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Slavery did too cause the Civil War.

December 24, 2007, 1:39 pm

I know everyone’s having a grand time debating the causes of the Civil War all over again, so I thought I would light my own piece of touch-paper: just because Lincoln did not mean to fight a war to end slavery, doesn’t mean slavery didn’t cause the Civil War.

On a basic theory of causation, we’re talking about that x without which no y, where y is the Civil War. It is profoundly difficult to believe any Civil War would have occurred without slavery, or if you want to be precise, without slavery concentrated in one part of the country. Even if you think some version of the states’-rights debate would have occurred without a geographically concentrated slave interest (which I don’t) it’s hard to believe it would have come to war.

And yes, I’ll concede that that imaginary American republic — the one without slavery, which preserved a compact theory of the Union — might have been a nice place to live. But we don’t live there.

We live here, where the war was about ending slavery. Don’t take my word for it, consider an astute student of the war:

One eighth of the whole population were colored slaves, not distributed generally over the Union, but localized in the Southern part of it. These slaves constituted a peculiar and powerful interest. All knew that this interest was, somehow, the cause of the war.

Does this mean that the war was necessary to end slavery? No; Paul could be right that slavery would, eventually have gone away. Does this mean the war was the best way to end slavery — where “best” means cheapest, most painless, most just? Probably not — in theory, it would have been much better to have an immediate and peaceful emancipation.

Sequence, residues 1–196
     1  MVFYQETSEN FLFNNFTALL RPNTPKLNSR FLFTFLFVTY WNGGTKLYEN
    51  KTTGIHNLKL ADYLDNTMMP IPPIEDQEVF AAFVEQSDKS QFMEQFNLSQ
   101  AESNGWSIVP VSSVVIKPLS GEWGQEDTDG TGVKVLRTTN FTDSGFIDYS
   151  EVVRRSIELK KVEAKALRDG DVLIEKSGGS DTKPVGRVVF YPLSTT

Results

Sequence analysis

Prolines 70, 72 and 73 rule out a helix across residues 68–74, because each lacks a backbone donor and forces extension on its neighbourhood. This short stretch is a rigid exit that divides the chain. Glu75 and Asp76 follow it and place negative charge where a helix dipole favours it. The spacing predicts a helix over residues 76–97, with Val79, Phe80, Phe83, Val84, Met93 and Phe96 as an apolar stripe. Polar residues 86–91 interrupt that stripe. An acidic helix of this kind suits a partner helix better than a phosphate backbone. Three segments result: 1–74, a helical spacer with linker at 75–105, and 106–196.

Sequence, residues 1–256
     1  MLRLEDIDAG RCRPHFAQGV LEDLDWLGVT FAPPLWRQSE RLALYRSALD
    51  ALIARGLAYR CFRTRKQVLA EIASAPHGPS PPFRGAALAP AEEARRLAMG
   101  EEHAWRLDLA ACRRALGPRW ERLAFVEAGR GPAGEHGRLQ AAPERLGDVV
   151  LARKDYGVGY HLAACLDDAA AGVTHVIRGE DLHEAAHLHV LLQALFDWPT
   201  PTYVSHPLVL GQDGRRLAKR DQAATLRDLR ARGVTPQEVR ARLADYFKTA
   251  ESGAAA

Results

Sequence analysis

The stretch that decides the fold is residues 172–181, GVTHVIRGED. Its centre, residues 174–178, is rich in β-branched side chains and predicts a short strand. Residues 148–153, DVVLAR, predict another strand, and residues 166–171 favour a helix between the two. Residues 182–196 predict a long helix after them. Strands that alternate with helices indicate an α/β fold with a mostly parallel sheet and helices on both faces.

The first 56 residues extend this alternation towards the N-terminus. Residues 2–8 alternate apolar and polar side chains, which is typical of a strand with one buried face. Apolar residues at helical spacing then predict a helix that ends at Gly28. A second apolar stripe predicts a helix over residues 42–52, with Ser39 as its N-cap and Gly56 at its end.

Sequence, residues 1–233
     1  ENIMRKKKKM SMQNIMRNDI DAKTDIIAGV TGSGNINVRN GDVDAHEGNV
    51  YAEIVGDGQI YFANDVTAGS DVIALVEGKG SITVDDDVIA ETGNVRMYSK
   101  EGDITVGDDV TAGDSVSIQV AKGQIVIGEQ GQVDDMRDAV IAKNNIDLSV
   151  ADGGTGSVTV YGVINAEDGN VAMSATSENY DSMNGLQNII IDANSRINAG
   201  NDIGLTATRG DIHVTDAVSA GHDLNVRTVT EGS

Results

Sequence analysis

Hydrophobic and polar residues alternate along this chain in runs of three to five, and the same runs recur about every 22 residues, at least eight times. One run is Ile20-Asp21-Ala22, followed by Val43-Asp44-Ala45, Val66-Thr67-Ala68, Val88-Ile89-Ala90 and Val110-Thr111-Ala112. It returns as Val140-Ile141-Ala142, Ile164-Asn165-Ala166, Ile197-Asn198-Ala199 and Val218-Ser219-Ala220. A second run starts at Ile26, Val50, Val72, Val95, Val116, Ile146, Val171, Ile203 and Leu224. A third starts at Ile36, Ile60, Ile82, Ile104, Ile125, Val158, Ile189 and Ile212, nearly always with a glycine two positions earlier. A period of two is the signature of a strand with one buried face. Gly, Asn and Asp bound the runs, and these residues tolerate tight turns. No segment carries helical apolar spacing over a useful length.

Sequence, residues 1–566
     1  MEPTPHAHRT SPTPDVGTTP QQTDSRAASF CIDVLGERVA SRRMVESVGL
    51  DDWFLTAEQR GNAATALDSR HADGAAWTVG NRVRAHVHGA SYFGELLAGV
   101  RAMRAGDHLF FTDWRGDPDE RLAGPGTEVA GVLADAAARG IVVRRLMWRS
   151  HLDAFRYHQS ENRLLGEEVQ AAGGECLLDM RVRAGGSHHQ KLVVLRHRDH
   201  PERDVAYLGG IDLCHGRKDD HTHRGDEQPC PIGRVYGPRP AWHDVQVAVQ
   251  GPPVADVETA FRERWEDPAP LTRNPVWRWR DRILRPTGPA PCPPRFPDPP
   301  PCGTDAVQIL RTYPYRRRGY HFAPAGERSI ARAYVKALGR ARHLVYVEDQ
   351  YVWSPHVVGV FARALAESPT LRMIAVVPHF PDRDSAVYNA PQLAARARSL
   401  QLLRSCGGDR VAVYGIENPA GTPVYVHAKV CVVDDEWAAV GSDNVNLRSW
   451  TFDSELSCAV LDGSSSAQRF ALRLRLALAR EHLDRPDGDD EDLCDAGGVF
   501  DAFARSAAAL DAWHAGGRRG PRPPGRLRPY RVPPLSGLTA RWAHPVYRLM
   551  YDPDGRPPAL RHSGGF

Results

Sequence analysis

But of course we don’t live in theory, we live in America. And it pretty much appears that in this country, forcible emancipation had become by the middle nineteenth century, the only plausible kind of immediate emancipation. And, you know, justice delayed is justice denied. The need of ending slavery was not only the first but the final cause of the Civil War.

So you’re in favor either of force or of indefinitely continued slavery. Note that yes, prior to the outbreak of war, Lincoln and most white people favored indefinitely continued slavery. Would we be morally better than they, were we transported back then? Perhaps not. Should we be better, having as we do the luxury of hindsight, and knowing what penalty our forebears paid for their comfortable positions? Yes. Is Ron Paul acting as if he had this luxury? No, and I don’t know why not.

By the the time you get to the Civil Rights Act, Paul is onto entirely untenable positions. With the conclusion of the Civil War you had the Civil Rights Act of 1866, and the Thirteenth, Fourteenth, and Fifteenth Amendments to the Constitution. That was what you bought with your 600,000 dead — a new Union devoted to — in the frank words of the Civil Rights Act of 1866,

All persons within the jurisdiction of the United States shall have the same right in every State and Territory to make and enforce contracts, to sue, be parties, give evidence, and to the full and equal benefit of all laws and proceedings for the security of persons and property as is enjoyed by white citizens.

All persons shall have the same rights as white persons — Congress of the United States, 1866. That was what you bought with your war, with (to repeat) your 600,000 dead, with the wrenching crisis of the Union: a new Constitution and racial justice.

Only, you didn’t: because Andrew Johnson and a bunch of weak-kneed Republicans fumbled it away in the face of racist resistance, because the Supreme Court helped gut those amendments, leaving them all but meaningless, thus necessitating a century-long march toward reclaiming the civil rights recognized in 1866. Was the Civil Rights Act of 1964 wrong, Mr. Paul? No, because the side that thought so lost the Civil War.

Only our collective betrayal of that war, our shared desecration of the memory of the dead, in which we participate every time we deny the purpose of the war and the meaning of the victory the United States Army and Navy won in it, has made the absurd position of Ron Paul possible.

And a Merry Christmas to you!

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